The time-tested adage, “the rest is history,” rings true here. From that first reroof, Kalkreuth Roofing grew, and other than a fractional residential roofing department that operates exclusively in its hometown headquarters, the concern focuses solely on commercial roofing projects. In 2018, Kalkreuth transitioned from running daily operations to becoming the company’s chairman of the board, and Jim Hurly assumed the role of president. Company operations include its West Virginia headquarters with two regional divisions: Maryland and Pennsylvania, as well as offices in Maryland, Pennsylvania, Kentucky and Ohio. Hesse ran the Maryland operation as divisional vice president; Pat Hurley held the same position for Kalkreuth’s Ohio division.

By 2020, Hesse, living in Fredrick, Md. — a Kalkreuth office location — was feeling the tug of small-town Wheeling’s gravity; he prepared his family for a move from the Baltimore-Washington D.C. area to West Virginia. His wife, Susan, and daughter Logan, then a fifth-grader, seemed game for the new adventure until a world-disrupting pandemic stopped everyone — and virtually everything — in its tracks.

“My wife was retiring from her job, and Logan was going from fifth to sixth grade, so it seemed like a good time to make that move,” Hesse recalled. “And, you know, then COVID happened, so we didn’t move.”

Now age 12, Logan undoubtedly dodged a major social-changing bullet.

“Thankfully, COVID taught us that we can do a lot remotely, and so we didn’t have to move to Wheeling,” Hesse, 53, added with a sheepish laugh.

LEFT: Dave Hesse, executive vice president of Kalkreuth Roofing, has been with the company since college graduation. He is now a co-principal of the firm. MIDDLE: Pat Hurley, brother to company president Jim Hurley, is the vice president of Kalkreuth’s Ohio Division and a minority shareholder in the firm. RIGHT: Jim Hurley, president of Kalkreuth Roofing, has been with the firm since the mid-1980s, and is now the concern’s majority shareholder.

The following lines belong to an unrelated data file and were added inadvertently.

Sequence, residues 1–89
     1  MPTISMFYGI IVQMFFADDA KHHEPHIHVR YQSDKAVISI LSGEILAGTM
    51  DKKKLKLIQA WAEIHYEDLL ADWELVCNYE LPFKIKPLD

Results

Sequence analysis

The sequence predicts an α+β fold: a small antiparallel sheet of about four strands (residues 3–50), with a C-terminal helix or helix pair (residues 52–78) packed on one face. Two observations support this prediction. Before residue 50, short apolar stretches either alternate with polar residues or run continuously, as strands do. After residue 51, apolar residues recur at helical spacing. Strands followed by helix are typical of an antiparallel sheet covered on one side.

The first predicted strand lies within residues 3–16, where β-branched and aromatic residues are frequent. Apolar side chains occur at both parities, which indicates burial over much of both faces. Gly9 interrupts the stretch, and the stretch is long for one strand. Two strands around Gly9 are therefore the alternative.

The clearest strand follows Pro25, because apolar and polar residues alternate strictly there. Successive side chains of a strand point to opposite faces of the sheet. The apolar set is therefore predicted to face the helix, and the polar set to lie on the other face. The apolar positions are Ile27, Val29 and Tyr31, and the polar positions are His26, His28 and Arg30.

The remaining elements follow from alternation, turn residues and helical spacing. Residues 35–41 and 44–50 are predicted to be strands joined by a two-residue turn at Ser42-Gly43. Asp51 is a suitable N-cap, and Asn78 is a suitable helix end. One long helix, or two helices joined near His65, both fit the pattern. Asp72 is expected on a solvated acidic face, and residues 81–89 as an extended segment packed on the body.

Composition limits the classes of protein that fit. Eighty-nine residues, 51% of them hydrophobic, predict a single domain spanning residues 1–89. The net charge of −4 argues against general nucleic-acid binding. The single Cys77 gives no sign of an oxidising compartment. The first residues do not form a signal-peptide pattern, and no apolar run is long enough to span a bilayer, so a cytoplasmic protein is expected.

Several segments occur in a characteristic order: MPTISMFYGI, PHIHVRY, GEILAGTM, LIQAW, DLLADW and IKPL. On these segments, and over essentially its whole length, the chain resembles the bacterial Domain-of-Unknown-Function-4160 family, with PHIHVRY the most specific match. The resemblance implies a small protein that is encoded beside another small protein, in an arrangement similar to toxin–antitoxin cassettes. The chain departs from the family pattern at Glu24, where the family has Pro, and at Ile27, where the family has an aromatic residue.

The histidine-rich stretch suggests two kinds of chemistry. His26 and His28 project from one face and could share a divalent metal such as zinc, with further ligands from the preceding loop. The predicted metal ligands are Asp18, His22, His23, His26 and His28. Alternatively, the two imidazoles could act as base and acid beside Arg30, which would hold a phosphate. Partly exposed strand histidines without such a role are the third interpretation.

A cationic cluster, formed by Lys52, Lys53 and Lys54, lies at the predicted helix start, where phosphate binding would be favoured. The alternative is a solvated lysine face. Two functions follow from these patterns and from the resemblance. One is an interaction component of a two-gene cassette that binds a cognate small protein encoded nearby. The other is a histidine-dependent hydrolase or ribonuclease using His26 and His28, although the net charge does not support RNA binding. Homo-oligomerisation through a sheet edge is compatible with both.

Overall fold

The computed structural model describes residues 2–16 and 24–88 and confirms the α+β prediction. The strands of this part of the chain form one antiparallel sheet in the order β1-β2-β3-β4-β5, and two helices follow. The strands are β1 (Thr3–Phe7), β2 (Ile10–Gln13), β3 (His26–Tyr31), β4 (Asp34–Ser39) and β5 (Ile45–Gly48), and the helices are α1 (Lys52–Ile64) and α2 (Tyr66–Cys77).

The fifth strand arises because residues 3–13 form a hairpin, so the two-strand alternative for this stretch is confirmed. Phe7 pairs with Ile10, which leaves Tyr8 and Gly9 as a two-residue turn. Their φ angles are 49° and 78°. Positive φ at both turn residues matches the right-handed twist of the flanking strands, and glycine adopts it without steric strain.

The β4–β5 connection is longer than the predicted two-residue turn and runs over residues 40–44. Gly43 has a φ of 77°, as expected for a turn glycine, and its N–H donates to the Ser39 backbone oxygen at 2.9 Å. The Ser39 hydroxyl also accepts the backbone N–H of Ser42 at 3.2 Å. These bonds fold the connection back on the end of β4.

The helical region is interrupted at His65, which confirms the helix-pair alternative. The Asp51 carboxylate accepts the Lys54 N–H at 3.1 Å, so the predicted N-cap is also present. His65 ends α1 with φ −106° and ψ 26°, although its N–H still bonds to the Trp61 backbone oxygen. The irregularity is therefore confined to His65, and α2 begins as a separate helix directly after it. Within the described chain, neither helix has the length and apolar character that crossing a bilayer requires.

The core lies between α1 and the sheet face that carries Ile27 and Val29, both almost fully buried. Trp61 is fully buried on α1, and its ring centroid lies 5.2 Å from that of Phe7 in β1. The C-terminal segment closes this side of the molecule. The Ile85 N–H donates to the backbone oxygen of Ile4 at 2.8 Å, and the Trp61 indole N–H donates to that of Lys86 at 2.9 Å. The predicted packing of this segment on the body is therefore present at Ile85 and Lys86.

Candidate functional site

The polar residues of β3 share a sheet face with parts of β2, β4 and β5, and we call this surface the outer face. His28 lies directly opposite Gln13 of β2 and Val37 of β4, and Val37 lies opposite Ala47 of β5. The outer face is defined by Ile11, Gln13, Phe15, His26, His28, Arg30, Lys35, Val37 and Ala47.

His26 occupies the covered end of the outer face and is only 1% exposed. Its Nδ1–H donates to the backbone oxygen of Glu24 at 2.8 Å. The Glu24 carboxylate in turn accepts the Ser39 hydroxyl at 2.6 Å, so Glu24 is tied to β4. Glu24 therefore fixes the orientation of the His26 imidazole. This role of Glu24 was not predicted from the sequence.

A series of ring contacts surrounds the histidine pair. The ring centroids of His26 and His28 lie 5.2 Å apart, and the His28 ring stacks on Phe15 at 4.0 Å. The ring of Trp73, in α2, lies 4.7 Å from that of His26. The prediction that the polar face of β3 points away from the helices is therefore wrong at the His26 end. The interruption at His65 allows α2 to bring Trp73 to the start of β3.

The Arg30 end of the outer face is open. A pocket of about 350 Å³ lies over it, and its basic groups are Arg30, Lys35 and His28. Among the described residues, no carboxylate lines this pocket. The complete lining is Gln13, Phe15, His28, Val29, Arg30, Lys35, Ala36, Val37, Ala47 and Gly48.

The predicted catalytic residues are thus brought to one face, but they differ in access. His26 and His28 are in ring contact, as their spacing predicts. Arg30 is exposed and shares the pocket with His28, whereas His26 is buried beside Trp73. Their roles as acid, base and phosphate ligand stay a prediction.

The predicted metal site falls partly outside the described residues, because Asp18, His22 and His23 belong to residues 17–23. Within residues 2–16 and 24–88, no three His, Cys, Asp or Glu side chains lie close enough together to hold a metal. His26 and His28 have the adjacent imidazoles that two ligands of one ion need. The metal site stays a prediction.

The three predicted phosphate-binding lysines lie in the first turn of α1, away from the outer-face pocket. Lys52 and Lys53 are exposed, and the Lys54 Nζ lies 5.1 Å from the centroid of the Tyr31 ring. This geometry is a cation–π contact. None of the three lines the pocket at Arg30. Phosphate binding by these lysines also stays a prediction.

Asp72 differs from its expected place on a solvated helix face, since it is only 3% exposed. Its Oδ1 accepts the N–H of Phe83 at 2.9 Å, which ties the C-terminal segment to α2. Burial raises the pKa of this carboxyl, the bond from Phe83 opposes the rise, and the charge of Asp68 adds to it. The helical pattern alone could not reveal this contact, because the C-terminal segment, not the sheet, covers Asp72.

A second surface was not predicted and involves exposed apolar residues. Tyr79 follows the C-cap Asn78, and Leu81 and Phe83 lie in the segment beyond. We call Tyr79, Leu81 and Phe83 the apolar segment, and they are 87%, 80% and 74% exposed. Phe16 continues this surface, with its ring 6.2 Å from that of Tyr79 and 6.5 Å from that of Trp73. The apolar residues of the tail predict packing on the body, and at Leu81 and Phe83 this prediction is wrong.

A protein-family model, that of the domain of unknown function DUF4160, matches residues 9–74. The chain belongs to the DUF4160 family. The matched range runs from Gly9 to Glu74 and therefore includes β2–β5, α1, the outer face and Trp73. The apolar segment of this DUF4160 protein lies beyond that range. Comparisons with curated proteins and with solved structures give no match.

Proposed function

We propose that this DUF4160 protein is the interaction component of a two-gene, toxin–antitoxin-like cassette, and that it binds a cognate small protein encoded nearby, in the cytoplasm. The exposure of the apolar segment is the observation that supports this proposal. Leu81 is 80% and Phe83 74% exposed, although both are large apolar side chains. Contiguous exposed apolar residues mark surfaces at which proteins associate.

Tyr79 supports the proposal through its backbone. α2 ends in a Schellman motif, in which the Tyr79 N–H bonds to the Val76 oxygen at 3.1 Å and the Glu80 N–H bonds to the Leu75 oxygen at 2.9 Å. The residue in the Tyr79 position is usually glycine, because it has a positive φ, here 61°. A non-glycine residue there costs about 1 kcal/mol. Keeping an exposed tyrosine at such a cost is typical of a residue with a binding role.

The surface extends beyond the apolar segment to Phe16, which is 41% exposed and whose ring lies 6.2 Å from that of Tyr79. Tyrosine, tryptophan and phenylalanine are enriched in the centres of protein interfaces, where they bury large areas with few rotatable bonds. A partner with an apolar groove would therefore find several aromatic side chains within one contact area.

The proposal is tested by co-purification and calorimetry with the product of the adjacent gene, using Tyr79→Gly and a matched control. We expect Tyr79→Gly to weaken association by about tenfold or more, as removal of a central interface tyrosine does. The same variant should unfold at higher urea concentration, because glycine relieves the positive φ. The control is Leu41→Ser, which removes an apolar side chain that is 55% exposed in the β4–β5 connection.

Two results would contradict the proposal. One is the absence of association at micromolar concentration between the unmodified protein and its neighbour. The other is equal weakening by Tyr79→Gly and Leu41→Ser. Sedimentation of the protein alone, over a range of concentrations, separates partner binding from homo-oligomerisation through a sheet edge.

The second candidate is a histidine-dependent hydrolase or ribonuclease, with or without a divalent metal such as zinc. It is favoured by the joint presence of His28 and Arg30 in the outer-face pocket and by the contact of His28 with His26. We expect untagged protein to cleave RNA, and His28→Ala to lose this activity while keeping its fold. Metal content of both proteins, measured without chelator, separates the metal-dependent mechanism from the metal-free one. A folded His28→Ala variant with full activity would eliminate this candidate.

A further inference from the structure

Like most white-collar workers during COVID, Hesse worked remotely — out of the Maryland office. As lockdown restrictions receded and the country reopened, the advent of Zoom and other online meeting platforms had made moving irrelevant, and by the start of 2022, Kalkreuth was preparing to retire.

Hesse and the Hurley brothers made their move: collectively, they found the wherewithal to purchase Kalkreuth’s shares and, with Jim Hurley now the majority shareholder, his brother Pat securing himself a minority stake, the three men assumed ownership. Wheeling’s gravity may have been vanquished, but Hesse says the tradeoff is plenty of road time traveling between Maryland and West Virginia.

“So, I'm traveling more now that I'm out of my day-to-day divisional responsibilities and traveling to the different offices and enjoying that part of it,” he said.

In terms of divisions of labor, Jim Hurley, as president, manages the firm’s day-to-day operations; his brother, Pat, is still a man of the field, managing the firm’s various projects in and around the Ohio market as division vice president. Hesse seems to have experienced the greatest evolution.

Now executive vice president, the days of field inspections and regional management have given way to the responsibilities one may expect from helping manage a firm of Kalkreuth’s size. He has essentially become to Jim Hurley what Jim was to Kalkreuth during that tenure — a right-hand man.